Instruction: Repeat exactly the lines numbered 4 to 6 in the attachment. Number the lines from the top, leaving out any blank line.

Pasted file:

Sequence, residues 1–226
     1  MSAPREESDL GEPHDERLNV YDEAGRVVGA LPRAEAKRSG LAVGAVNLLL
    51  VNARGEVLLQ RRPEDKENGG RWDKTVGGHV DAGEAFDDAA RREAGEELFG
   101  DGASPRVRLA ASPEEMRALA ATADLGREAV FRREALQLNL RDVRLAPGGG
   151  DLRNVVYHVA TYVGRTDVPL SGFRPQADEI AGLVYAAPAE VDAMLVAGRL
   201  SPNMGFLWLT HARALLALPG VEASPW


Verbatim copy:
   101  DGASPRVRLA ASPEEMRALA ATADLGREAV FRREALQLNL RDVRLAPGGG
   151  DLRNVVYHVA TYVGRTDVPL SGFRPQADEI AGLVYAAPAE VDAMLVAGRL
   201  SPNMGFLWLT HARALLALPG VEASPW